Fort Hood soldier charged in prostitution case

Associated Press

FORT HOOD, Texas — A Fort Hood sergeant who was a coordinator of the post’s sexual assault and harassment prevention program faces multiple charges after he was accused of setting up a prostitution ring involving cash-strapped female soldiers.

Sgt. 1st Class Gregory McQueen was charged March 7 with 21 counts related to pandering, conspiracy, maltreatment of a subordinate, abusive sexual contact, and adultery and conduct of a nature to bring discredit to the armed forces, according to a Fort Hood statement.

An Article 32 hearing, the military equivalent of a civilian grand jury proceeding, is scheduled for today and Friday at Fort Hood.

It was not clear if McQueen had an attorney on March 7, Fort Hood spokesman Christopher Haug said. A home number for McQueen could not be found.

Last May, the Army said a sergeant first class was being investigated on allegations of sexual assault and possibly arranging for at least one woman to have sex for money. The Army said he was one of the coordinators of the program at Fort Hood, about 125 miles southwest of Fort Worth.

Army officials declined to release his name at the time, but two officials speaking anonymously to The Associated Press because they were not authorized to speak publicly about the case identified that soldier as McQueen, who was assigned as a coordinator of a battalion-level sexual assault prevention program at the Central Texas Army post.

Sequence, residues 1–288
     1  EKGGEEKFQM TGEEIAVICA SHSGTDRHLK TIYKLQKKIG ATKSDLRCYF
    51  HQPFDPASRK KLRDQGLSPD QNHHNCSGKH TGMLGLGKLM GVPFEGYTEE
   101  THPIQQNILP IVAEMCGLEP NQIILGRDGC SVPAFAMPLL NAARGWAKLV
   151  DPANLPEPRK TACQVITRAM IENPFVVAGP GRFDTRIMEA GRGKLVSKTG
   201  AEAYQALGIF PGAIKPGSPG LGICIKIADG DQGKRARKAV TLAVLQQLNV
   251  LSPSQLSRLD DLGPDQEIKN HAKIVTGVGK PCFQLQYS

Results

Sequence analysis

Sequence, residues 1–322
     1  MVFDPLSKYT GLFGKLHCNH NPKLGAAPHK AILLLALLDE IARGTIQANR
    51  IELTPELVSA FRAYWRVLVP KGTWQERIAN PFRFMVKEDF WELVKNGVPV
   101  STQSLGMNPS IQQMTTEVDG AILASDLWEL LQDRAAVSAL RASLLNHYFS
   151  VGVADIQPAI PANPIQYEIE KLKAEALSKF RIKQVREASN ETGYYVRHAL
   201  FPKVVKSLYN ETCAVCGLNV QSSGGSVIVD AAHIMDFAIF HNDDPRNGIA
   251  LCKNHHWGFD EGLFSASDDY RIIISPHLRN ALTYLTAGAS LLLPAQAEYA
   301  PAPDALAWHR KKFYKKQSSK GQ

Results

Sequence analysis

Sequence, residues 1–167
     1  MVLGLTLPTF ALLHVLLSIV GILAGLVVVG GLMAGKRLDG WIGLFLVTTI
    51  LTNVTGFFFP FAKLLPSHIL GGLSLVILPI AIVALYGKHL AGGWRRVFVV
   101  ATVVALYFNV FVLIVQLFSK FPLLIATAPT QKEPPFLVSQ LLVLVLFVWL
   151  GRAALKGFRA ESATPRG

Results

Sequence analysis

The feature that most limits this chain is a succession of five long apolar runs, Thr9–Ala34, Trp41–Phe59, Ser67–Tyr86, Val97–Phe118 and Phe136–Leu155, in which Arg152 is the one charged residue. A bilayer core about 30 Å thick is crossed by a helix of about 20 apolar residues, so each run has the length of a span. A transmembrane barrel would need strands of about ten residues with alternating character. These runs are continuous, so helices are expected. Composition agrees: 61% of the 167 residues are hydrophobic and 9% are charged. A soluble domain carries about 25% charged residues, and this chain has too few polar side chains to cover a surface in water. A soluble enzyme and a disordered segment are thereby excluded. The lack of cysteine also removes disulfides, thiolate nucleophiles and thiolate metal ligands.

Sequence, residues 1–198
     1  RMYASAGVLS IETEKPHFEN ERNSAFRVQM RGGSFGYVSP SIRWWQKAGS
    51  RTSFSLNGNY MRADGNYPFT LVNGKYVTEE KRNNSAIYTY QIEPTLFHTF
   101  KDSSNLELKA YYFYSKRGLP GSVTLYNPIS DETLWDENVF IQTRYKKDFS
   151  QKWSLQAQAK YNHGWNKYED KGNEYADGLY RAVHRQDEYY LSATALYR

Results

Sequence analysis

U.S. officials had said he was being investigated in connection with activities involving three women, including sexually assaulting one woman. At the time, a Defense Department official in Washington said it was not clear if one of the women was forced into prostitution or participated willingly. McQueen remains suspended from his duties but is free pending trial, Haug said.

Another Fort Hood soldier was court-martialed in the case. Master Sgt. Brad Grimes was convicted in December of conspiring to patronize a prostitute and solicitation to commit adultery, reprimanded and demoted.

The Fort Hood case and others like it have increased pressure on the Pentagon and Capitol Hill to confront sexual misconduct in the armed forces.

The charges against McQueen came one day after the Senate rejected a bill that would have stripped military commanders of the authority to decide whether to prosecute serious crimes.

The legislation was sponsored by Sen. Kirsten Gillibrand, D-N.Y. and chairwoman of the Senate Armed Services personnel subcommittee. In a Feb. 10 letter, she called on Defense Secretary Chuck Hagel to turn over case information from four major U.S. bases, including Fort Hood.

The records would shed more light on how military commanders make decisions about courts-martial and punishments in sexual assault cases.

(Editor 3/20/14: The original photo printed with this story was an image of Brig. General Jeffrey Sinclair at Fort Bragg, N.C. Gen. Sinclair’s case involves allegations of inappropriate conduct with a female officer and is wholly unrelated to the charges brought against Sgt. McQueen at Ft. Hood, Texas.  The Baylor Lariat regrets the error.)